DEV Community

Cover image for Reality Check: Cypress' Actions Speak Louder than Words
Tymoteusz Stępień
Tymoteusz Stępień

Posted on • Updated on

Reality Check: Cypress' Actions Speak Louder than Words

There comes a point where you have to confront reality, and you can't be a fanboy without examining some things with clarity. Recently, Cypress published a blog post that left me with jaw dropped, unable to square their professed principles with their actual actions.

In their statement, Cypress emphasizes their commitment to open source and the thriving community that has contributed to their success over the past 9 years. They highlight their desire to facilitate innovation and collective growth through collaboration. Admirable, right?

The latest decision to limit access to third-party plugins, including other dashboards, paints a starkly different picture. If you're integrated with third parties, you literally cannot perform your tests. They justify this decision by claiming to protect their intellectual property, a term that raises eyebrows considering that framework project is founded on the MIT license.

To be clear, an MIT license means that the code can be used, modified, and shared freely. It is a pillar of open source, cultivating a culture of collaboration and mutual benefit. So, how does the concept of "intellectual property" come into the picture?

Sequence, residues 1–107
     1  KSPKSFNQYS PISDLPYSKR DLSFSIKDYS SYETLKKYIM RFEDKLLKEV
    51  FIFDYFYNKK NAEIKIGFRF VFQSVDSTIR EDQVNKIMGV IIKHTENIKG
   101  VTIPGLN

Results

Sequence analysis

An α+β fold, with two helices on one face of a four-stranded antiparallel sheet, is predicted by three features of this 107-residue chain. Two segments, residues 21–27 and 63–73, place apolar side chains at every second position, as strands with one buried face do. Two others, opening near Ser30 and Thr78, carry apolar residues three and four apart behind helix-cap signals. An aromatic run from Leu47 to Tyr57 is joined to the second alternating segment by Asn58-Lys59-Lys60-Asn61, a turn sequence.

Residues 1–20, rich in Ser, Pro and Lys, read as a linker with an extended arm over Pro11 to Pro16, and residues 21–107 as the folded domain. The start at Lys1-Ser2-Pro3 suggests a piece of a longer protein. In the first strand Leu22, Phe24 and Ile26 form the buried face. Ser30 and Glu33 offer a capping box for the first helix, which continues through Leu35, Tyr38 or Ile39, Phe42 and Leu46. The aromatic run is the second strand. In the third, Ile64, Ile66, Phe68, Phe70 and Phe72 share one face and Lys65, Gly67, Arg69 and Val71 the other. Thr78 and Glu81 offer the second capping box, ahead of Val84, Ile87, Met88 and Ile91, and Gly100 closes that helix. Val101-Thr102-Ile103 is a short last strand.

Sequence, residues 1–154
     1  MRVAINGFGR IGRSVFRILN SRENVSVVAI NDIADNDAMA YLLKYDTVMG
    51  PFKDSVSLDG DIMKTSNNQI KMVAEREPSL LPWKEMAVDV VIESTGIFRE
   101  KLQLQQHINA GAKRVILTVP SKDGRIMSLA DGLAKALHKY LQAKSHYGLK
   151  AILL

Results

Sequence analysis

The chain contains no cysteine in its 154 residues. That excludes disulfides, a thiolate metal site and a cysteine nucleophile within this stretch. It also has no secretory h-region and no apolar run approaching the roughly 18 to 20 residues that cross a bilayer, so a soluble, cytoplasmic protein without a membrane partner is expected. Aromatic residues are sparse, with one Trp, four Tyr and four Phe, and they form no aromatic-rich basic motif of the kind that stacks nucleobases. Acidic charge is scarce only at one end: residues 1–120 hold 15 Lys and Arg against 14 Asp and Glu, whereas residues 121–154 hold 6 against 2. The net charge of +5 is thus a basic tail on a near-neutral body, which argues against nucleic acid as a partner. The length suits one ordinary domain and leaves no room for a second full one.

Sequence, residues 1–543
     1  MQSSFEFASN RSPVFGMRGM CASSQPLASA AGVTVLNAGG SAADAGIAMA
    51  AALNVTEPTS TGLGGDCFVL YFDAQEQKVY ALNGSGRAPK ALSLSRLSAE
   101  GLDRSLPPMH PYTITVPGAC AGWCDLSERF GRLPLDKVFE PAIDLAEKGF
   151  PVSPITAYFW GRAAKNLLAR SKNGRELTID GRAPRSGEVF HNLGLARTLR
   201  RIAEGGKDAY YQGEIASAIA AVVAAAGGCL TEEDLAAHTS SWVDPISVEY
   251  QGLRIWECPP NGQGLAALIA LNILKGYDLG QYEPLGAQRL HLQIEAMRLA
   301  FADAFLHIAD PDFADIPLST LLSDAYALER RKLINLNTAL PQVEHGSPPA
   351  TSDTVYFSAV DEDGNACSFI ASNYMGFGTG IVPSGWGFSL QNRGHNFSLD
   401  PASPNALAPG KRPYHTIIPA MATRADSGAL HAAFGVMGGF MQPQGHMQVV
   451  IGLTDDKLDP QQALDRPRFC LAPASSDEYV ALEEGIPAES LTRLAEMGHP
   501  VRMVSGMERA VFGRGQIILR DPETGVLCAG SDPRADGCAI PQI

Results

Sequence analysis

The decision to restrict third-party products and services seems to be at odds with the very essence of open source. It not only stifles innovation but also hampers the diverse ways in which developers choose to integrate and display testing results.

Cypress Cloud, their commercial product, undoubtedly plays a vital role in sustaining their community-focused model. However, it should not come at the cost of limiting users' choices and forcing them into a one-size-fits-all approach. If you can't build a more cost-effective and convenient dashboard tool, then why not cooperate with those who can?

Fair competition and ethical business practices are laudable goals, but they must be manifested in actions, not just words. The current move raises questions about whether these principles are being applied consistently.

Edit: I've recently learned that they permit a third-party dashboards, but it comes at a hefty price (5k$/year) for the connector. You can find more details here. Could you please reaffirm that this isn't a money-making scheme, but rather a genuine effort to protect community rights and intellectual property? Lol.

Top comments (0)